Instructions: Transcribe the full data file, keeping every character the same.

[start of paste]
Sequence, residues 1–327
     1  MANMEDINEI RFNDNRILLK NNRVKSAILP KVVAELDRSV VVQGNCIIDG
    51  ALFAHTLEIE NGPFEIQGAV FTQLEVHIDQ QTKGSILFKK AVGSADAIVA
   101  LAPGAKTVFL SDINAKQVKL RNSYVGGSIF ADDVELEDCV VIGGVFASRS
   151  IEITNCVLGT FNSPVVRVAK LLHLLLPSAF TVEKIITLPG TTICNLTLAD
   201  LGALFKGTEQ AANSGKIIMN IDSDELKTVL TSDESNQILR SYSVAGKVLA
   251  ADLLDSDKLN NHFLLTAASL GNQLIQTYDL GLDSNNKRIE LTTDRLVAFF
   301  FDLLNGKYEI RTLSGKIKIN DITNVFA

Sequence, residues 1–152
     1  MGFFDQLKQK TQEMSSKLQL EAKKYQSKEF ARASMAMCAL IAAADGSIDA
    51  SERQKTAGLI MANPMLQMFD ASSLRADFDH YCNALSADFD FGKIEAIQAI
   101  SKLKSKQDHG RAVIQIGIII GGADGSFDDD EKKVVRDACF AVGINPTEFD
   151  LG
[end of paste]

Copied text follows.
Sequence, residues 1–327
     1  MANMEDINEI RFNDNRILLK NNRVKSAILP KVVAELDRSV VVQGNCIIDG
    51  ALFAHTLEIE NGPFEIQGAV FTQLEVHIDQ QTKGSILFKK AVGSADAIVA
   101  LAPGAKTVFL SDINAKQVKL RNSYVGGSIF ADDVELEDCV VIGGVFASRS
   151  IEITNCVLGT FNSPVVRVAK LLHLLLPSAF TVEKIITLPG TTICNLTLAD
   201  LGALFKGTEQ AANSGKIIMN IDSDELKTVL TSDESNQILR SYSVAGKVLA
   251  ADLLDSDKLN NHFLLTAASL GNQLIQTYDL GLDSNNKRIE LTTDRLVAFF
   301  FDLLNGKYEI RTLSGKIKIN DITNVFA

Sequence, residues 1–152
     1  MGFFDQLKQK TQEMSSKLQL EAKKYQSKEF ARASMAMCAL IAAADGSIDA
    51  SERQKTAGLI MANPMLQMFD ASSLRADFDH YCNALSADFD FGKIEAIQAI
   101  SKLKSKQDHG RAVIQIGIII GGADGSFDDD EKKVVRDACF AVGINPTEFD
   151  LG